Stakeholders in the country’s telecommunications industry have expressed their reservation on the ability of NATCOM the new owners of Nigerian Telecommunications Limited (NITEL) and its subsidiary Mobile Telecommunications Limited (MTEL) to revive the distressed national carrier.
This is coming as fallout of the recent approval given by the federal government to hand over NITEL/MTEL facilities to NATCOM consortium having completed the payment of $252.251million cost of acquisition.
Chairman, Association of Licensed Telecommunications Operators of Nigeria (ALTON) Gbenga Adebayo, said he don’t have details of the transaction and NATCOM Consortium’s financial strength, adding that being able to raise the sum they bided shows they are serious to compete in the telecom market.
Adebayo affirmed that NITEL/MTEL under the present owners will now be late starters and urged them to create impact through innovative and value added services to attract subscribers to its network.
He explained that NATCOM has to carry out a complete re-engineering of NITEL’s infrastructure as some of the loop may have been blocked or destroyed by as a result of road constructions, and solicited for the support of Nigerians to help them survive the stiff competitive telecom market.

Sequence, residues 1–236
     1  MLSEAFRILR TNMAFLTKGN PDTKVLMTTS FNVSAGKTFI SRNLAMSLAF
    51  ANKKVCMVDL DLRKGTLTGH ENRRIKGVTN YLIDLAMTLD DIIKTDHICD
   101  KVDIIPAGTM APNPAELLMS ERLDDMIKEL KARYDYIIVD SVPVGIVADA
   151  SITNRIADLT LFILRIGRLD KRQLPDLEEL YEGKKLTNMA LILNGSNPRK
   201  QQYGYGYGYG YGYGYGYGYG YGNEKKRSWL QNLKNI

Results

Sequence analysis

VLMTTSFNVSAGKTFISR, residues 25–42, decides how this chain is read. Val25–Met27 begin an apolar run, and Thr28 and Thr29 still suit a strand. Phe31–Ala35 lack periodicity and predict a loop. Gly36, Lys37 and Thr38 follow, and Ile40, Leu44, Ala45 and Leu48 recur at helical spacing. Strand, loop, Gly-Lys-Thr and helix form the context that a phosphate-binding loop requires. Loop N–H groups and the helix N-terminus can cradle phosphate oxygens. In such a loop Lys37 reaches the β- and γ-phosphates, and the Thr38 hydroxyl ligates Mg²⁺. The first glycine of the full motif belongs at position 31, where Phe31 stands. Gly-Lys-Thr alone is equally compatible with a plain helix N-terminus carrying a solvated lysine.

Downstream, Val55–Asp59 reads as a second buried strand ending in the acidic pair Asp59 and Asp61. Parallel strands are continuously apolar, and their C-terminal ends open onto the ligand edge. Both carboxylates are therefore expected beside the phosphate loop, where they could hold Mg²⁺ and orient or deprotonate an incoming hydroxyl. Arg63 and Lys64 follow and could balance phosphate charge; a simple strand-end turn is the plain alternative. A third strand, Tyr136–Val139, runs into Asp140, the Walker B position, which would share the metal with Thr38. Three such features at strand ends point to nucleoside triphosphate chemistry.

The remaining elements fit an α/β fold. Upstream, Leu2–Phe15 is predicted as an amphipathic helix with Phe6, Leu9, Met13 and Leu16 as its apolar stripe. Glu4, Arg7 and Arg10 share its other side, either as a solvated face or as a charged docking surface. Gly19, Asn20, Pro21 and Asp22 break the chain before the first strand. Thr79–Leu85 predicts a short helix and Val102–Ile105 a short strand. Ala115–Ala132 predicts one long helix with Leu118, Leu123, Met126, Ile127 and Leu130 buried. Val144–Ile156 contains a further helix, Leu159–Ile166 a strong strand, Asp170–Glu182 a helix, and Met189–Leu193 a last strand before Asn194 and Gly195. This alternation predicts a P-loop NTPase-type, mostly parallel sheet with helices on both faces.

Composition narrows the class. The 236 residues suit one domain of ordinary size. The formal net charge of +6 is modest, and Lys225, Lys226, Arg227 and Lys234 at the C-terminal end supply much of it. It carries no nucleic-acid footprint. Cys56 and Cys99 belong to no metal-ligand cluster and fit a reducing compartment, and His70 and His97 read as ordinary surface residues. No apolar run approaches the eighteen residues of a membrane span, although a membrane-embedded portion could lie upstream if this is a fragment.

O his part, immediate past president, Association Telecommunications Companies of Nigeria (ATCON) and group managing director, Teledom Group Dr. Emmanuel Ekuwem, said that NATCOM Consortium has a opportunity of surviving in the already crowded telecom market in the country and encouraged them to focus on providing landline which is currently none existence in the country.
“We should remember that NITEL has telephone exchanges in almost all the local government across the country, although, some of the cable and switches may be obsolete, but the real estate, towers, racks and power cable are still useful,” he said.
He urged NATCOM Consortium to look inward by providing Nigerians fibre to home service that can give people access to broadband and cable television.
Speaking in the same vein, the President, National Association of Telecommunications Subscribers of Nigeria (NATCOMS) Deolu Ogunbanjo, said that NATCOM Consortium need to concentrate more on its unique selling preposition which is landline service that also goes along with broadband service.
“They are coming at a time when the policy guideline required for broadband penetration has been established by the minister of Communications Technology. It is only for them to key in to the policy through investment in that area. They should look at Etisalat model that surprised everybody,” Ogunbanjo said.
It would be recalled that at the Federal Executive Council (FEC) mandated the Bureau of Public Enterprise (BPE) to handover the two companies to NATCOM consortium, having paid the cost of acquisition which brought the process to a close.